Why we need to redefine politics and the “American Dream”: An open letter

Presidential Candidate for 2020, Ryan A. Farber (D). Source: Ryan Farber’s Campaign Video

Dear the United States of America,

You’ve screwed up. We all screwed up. No matter where we fall on the political spectrum, we are all human. We are more similar than we are different. However, politics and our tendency to pursue our greed has corrupted the message we try to send out about this country. We’ve spent so much time trying to dim everyone’s lights and closing our minds and ears off to each other, that the truth is almost impossible to find nowadays. We can’t trust where we get our news, because major media outlets support opposite ends of the political spectrum, which influences the “information” they release. We only trust what we agree with, and we let something like politics shape our morals and our humanity. The United States of America is so divided, and that is on all of us. We’ve let a businessman and his hand picked group who only inspire fear and anger sit in positions of power. However, not to be cliche, there is hope. There always is.

Meet 2020 Presidential Candidate Ryan A. Farber. His campaign sort of rides on him being the least rich, the least famous, and the youngest candidate to have run thus far (at least I am led to believe, he danced around the question of his age, but clearly, he is quite young). His campaign is all but defined by a more so original phrase, #AmericaConnected. If he becomes the President of the United States, he has a list of issues he would like to work on, although he has emphasized on four, as he believes them to be the biggest problems.
In his words, he would like to work on ” 1) Antitrust enforcement – every industry is dominated by either one or a very small handful of players.  We need to decentralize their economic, political and cultural power and put it back into the hands of local people who promote real democracy. 2) Reduce Income Inequality – Poverty is the biggest drain on efficiency.  The fact that poverty even exists at all is part of the problem, [and] we constantly have to use resources to address the systemic outcomes of our inefficient capitalistic system.  If you reduce poverty you increase public health.  An example of this would be to write off all student loan debt, break up the big agricultural companies who sell us overly processed and unhealthy foods, provide free college and vocational programs, etc.”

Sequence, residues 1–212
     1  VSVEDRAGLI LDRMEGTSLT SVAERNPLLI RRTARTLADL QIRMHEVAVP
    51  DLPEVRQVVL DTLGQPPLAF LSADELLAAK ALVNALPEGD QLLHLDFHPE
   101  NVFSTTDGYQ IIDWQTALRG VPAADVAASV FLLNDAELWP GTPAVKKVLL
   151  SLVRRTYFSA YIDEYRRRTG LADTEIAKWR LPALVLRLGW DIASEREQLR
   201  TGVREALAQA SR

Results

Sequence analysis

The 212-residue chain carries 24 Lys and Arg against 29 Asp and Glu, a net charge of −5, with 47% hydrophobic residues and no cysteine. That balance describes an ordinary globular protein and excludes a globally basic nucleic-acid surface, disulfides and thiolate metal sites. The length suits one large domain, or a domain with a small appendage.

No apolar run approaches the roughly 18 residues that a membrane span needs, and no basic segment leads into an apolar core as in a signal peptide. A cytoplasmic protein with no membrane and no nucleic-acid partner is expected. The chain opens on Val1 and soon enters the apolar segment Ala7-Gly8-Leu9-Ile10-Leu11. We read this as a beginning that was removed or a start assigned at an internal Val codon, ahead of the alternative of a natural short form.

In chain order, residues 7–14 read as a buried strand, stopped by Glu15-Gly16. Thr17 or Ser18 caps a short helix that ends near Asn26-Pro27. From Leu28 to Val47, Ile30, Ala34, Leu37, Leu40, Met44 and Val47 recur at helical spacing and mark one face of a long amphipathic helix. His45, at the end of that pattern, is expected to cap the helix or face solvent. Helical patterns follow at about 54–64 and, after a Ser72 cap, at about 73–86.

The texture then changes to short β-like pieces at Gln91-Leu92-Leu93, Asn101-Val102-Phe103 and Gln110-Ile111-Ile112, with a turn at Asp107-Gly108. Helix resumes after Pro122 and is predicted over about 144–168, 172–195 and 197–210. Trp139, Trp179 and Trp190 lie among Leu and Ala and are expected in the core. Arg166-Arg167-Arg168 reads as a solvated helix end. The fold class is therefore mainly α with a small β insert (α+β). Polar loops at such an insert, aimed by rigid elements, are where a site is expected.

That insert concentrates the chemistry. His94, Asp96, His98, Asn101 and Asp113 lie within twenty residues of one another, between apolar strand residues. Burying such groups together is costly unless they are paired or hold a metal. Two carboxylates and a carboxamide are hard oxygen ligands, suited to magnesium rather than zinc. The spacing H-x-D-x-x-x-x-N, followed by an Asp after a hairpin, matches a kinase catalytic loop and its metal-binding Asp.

He moves on with ” 3) Medicare For All – Healthcare is a right of all people, access and care should never be based on how rich you are,” and “4) Climate Change – The greatest issue of our time.  It is real and it’s happening faster than we have imagined.  We will propose a global project, something that mirrors the old Manhattan Project during World War 2.  We will figure out which renewable or alternative energies work best around the world and begin a global infrastructure plan. We have the technology, it’s just about getting to work.” He has an agenda, but many of you may ask who he is beyond this. I hope to answer that question.
Being the first millennial candidate, he has a young and fresh mind. With that in mind (a possible pun intended), it also means beneath that, like most of us out there, he has a big heart. And with that big heart, it motivated him to try what he can to see and inspire a change in this world, starting with a focus on us, this country.